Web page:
As executive director, Brown worked hard to make the FSF more of an activist organization, encouraging public information campaigns, and trying to establish alliances with academics, activists, and anyone else who might support free software issues.
Even the Open Source Initiative, which you might assume would be at odds with the FSF, seems to have appreciated his efforts at outreach. His success was limited, although whether a lack of funds or internal opposition was the reason is uncertain -- perhaps both.
Brown has always expressed orthodox free software positions, but his emphasis would probably be more on political action. One thing he said that has always stuck with me is that free software should be as much of an issue in the public mind as recycling.
More outgoing than Stallman, he would probably provoke less personal criticism, although many might object to his activist tendencies.
2) Benjamin Mako Hill has been active in Debian, Ubuntu, and One Laptop Per Child. He became an FSF board member in 2007 at the age of twenty-seven as part of Brown's deliberate effort to recruit younger supporters. He is a Senior Senior Researcher at the MIT Sloan School of Management, studying free software communities and business models.
Hill is a fluent although slow writer, whose ideas reflect the breadth of his experience in FOSS, and are more thoughtful than dogmatic. He would probably respond to new technology and circumstances with some flexibility -- even with originality.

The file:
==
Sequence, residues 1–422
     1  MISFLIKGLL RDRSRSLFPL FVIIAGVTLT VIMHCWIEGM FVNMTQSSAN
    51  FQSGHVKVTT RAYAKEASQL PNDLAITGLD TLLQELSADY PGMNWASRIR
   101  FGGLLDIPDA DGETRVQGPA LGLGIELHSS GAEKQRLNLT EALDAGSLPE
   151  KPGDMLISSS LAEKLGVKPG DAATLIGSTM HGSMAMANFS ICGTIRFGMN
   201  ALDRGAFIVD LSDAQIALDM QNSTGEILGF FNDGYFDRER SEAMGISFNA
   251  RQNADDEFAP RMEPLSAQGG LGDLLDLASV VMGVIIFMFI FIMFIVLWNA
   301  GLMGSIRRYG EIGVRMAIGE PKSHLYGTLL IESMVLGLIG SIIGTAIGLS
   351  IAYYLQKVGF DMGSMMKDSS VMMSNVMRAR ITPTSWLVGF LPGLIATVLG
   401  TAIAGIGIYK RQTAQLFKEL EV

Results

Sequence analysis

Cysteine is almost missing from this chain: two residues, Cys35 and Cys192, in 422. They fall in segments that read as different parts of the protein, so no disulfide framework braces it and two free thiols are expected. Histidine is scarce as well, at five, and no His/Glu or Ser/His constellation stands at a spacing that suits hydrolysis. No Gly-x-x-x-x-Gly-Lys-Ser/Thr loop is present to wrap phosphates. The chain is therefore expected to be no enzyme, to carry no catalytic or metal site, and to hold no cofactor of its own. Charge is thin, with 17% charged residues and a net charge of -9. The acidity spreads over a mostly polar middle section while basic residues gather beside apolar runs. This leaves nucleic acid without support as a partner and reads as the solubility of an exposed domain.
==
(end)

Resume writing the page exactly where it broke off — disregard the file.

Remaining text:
However, since he used to describe himself as "a rebel with too many causes," Hill might spread himself too thin to lead successfully. Moreover, for all his experience, he may also be too independent to want a leadership position, or to use it effectively.
3) Bradley Kuhn: was FSF executive director from 2001 to 2005. He has been an employee at the Software Freedom Law Center, and is now executive director of the Software Freedom Conservancy.
Through Kuhn's blog, he has become increasingly quoted when free software issues make the news -- recently, for example, his views on Project Harmony, Mark Shuttleworth's group for developing templates for copyright assignment, have been widely repeated.
As FSF executive director, Kuhn was relatively quiet. Although several of the Foundation's long-time employees praise his work, externally, he seemed very much in Stallman's shadow. This appearance may be due partly to the fact that he was twenty-seven when appointed.
However, his recent comments on issues suggest that part of the reason may have been that his opinions differ little from Stallman's. My impression is that the FSF under Kuhn would act and look much the same as it does today. It might even revert to being an organization more for developers than for average users.
I have no idea if any of Brown, Hill, or Kuhn have any interest in setting the intellectual standards for free software. Since the question is theoretical for now, I saw no point in asking. I mention them mainly to suggest the range of alternate futures that might be in store for the FSF.
I am leaving open, as well, the question of how formal the succession would be -- whether it would be signalled by someone eventually replacing Stallman as president, or simply be a matter of informal influence. I could even see policy being set, not by an individual, but by votes at the LibrePlanet conference each year.
Still, the matter is worth some discussion, no matter how it is defined. Planning for what comes next is not merely a way of placating those who criticize Stallman's leadership and who suggest that he has outserved his time.
Rather, thinking about the future now will not only to help to decide what the FSF will be like in the future but also -- just possibly -- how much of a future the FSF has.